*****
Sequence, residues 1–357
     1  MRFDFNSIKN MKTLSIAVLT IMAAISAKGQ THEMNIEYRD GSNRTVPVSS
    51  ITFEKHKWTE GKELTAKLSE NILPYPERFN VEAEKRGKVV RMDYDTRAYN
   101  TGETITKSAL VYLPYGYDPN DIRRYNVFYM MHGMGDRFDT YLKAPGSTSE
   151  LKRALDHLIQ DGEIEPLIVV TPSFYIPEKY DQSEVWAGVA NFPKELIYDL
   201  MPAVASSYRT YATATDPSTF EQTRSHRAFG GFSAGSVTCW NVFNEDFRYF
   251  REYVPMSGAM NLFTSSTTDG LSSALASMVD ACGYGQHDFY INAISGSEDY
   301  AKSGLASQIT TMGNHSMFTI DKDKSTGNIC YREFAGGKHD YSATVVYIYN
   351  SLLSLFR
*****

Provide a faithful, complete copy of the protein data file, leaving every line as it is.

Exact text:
Sequence, residues 1–357
     1  MRFDFNSIKN MKTLSIAVLT IMAAISAKGQ THEMNIEYRD GSNRTVPVSS
    51  ITFEKHKWTE GKELTAKLSE NILPYPERFN VEAEKRGKVV RMDYDTRAYN
   101  TGETITKSAL VYLPYGYDPN DIRRYNVFYM MHGMGDRFDT YLKAPGSTSE
   151  LKRALDHLIQ DGEIEPLIVV TPSFYIPEKY DQSEVWAGVA NFPKELIYDL
   201  MPAVASSYRT YATATDPSTF EQTRSHRAFG GFSAGSVTCW NVFNEDFRYF
   251  REYVPMSGAM NLFTSSTTDG LSSALASMVD ACGYGQHDFY INAISGSEDY
   301  AKSGLASQIT TMGNHSMFTI DKDKSTGNIC YREFAGGKHD YSATVVYIYN
   351  SLLSLFR